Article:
Locally produced for you

The day before my wedding, I picked up ten cases of table wine from a local winery--and one bottle of sweet wine for communion. The folks at the winery had encountered local-food enthusiasts planning receptions before, but the communion thing seemed to surprise them. "My son always says this tastes just like altar wine!" said the woman who rang me up. "That's great that you're actually going to use it for that!"

Opinions vary as to what makes a good communion wine, but the overall quality of the wine itself isn't usually at the top of the list. So even if you're among those who turn their noses up at wine from lesser-known regions--and, judging from the far-flung wine lists at even the most obsessively local-food-oriented restaurants, this is a sizable group--buying local for the Eucharist seems like a great idea.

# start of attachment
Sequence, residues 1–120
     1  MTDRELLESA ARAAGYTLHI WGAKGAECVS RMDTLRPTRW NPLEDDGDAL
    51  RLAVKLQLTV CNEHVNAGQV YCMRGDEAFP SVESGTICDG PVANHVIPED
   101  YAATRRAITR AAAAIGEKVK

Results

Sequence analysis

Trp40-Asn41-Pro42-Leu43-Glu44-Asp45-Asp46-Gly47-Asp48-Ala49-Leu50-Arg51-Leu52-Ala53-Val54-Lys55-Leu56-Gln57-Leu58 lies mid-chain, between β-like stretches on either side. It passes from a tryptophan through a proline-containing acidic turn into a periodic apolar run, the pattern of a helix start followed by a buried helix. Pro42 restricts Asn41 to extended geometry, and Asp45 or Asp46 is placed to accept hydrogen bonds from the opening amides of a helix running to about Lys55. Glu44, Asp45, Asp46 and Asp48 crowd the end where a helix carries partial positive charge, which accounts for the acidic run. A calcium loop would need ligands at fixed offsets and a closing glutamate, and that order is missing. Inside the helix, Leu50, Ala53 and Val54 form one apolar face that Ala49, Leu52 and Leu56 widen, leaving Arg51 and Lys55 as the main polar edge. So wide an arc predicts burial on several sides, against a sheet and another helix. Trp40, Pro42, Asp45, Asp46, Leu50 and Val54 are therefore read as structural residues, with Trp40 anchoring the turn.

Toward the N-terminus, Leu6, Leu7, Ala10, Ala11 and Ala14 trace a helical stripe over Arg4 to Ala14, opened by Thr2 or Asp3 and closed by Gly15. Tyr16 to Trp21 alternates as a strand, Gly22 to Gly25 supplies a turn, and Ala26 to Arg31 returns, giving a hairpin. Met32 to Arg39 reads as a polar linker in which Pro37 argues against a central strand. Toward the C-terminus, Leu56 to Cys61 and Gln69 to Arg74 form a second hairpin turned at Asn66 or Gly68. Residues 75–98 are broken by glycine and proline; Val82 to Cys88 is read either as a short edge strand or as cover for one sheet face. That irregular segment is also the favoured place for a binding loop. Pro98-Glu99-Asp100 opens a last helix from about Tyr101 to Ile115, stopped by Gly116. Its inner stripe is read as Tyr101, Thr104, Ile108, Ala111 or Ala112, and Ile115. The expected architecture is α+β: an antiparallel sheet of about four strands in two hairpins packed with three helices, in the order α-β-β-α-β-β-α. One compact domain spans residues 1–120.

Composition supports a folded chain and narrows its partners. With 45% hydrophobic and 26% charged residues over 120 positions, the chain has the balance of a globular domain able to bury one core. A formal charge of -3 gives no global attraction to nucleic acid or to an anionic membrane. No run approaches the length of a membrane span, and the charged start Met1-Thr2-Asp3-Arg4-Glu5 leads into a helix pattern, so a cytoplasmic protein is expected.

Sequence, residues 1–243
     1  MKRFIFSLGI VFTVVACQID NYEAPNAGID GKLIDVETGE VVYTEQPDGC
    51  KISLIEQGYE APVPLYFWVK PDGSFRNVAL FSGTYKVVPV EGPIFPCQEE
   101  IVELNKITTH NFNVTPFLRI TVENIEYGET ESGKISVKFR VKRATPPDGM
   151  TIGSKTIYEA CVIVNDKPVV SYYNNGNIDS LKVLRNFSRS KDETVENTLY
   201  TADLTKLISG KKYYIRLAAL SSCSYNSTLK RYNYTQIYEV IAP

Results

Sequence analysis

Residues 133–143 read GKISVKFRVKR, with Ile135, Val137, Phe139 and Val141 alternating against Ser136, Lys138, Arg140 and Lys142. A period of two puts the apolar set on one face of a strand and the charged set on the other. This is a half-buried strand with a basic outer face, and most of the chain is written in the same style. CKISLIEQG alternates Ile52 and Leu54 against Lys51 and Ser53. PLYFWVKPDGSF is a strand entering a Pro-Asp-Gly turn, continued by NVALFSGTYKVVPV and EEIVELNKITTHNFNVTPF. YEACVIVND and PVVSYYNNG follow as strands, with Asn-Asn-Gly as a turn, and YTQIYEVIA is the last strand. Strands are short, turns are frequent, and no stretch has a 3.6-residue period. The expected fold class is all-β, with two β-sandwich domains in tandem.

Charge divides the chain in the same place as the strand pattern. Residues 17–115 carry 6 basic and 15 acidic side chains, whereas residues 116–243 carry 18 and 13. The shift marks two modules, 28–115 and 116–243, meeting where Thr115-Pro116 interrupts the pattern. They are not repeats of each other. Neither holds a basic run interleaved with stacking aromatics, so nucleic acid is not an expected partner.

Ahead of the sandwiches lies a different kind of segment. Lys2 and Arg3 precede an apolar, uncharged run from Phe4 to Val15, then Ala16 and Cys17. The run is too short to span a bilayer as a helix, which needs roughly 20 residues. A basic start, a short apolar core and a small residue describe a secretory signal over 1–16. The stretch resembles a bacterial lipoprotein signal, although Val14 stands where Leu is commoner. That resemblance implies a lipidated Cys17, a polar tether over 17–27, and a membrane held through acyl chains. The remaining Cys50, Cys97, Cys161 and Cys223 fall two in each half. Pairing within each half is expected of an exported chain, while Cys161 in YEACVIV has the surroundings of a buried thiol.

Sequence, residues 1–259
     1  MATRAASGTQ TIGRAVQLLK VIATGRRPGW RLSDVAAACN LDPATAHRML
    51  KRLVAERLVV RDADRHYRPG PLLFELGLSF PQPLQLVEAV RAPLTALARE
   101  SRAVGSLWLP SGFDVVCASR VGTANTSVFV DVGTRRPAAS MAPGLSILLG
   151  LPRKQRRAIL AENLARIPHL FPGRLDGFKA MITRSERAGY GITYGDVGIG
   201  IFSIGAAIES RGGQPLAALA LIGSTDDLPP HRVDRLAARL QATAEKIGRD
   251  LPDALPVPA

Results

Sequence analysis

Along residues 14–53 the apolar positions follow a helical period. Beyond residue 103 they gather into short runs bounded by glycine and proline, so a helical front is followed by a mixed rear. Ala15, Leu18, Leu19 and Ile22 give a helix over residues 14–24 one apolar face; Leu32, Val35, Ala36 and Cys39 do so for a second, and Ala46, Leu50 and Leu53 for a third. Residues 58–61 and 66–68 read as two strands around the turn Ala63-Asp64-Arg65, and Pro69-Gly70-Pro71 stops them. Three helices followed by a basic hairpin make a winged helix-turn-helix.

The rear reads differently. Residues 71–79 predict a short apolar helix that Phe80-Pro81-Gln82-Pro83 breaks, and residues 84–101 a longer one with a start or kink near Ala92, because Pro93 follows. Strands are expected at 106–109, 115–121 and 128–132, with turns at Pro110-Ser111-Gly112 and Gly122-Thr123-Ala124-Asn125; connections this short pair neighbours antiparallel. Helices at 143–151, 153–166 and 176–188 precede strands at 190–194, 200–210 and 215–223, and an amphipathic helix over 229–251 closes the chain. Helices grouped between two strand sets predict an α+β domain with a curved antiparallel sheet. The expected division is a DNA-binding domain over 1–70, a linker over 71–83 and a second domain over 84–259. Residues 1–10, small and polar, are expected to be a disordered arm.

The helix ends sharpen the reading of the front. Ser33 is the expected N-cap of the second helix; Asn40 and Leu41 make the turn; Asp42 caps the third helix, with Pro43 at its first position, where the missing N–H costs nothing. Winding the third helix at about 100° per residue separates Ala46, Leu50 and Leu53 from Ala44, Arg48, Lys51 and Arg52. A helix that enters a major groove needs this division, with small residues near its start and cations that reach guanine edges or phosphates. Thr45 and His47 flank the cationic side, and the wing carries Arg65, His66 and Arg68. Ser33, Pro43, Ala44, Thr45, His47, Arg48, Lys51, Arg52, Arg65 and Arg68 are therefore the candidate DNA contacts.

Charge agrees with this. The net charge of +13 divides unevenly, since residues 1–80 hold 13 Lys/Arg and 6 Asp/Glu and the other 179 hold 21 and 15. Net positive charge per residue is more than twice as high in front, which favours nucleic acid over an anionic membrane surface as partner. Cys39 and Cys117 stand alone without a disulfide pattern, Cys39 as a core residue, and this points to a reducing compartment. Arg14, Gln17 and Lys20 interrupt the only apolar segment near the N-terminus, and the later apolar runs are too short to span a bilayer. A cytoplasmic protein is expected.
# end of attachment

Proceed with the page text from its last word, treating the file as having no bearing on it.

The Canadian Centre for Ecumenism is partnering with a nearby vineyard to make this happen in Catholic dioceses across Quebec. Instead of buying altar wine shipped all the way from California, churches in the province will be able to buy a sweet white, relabeled "Vin de messe," directly from Domaine des Côtes d'Ardoise in Dunham, Quebec.

The Quebec effort required the bishop of the vineyard's local diocese to authenticate the wine for sacramental use per canon law. For those of us in denominations that don't limit the types of wine that may be used, this would be even easier to do.

Is anyone doing this already, or has anyone looked into it and decided not to? What would you say are the pros and cons?

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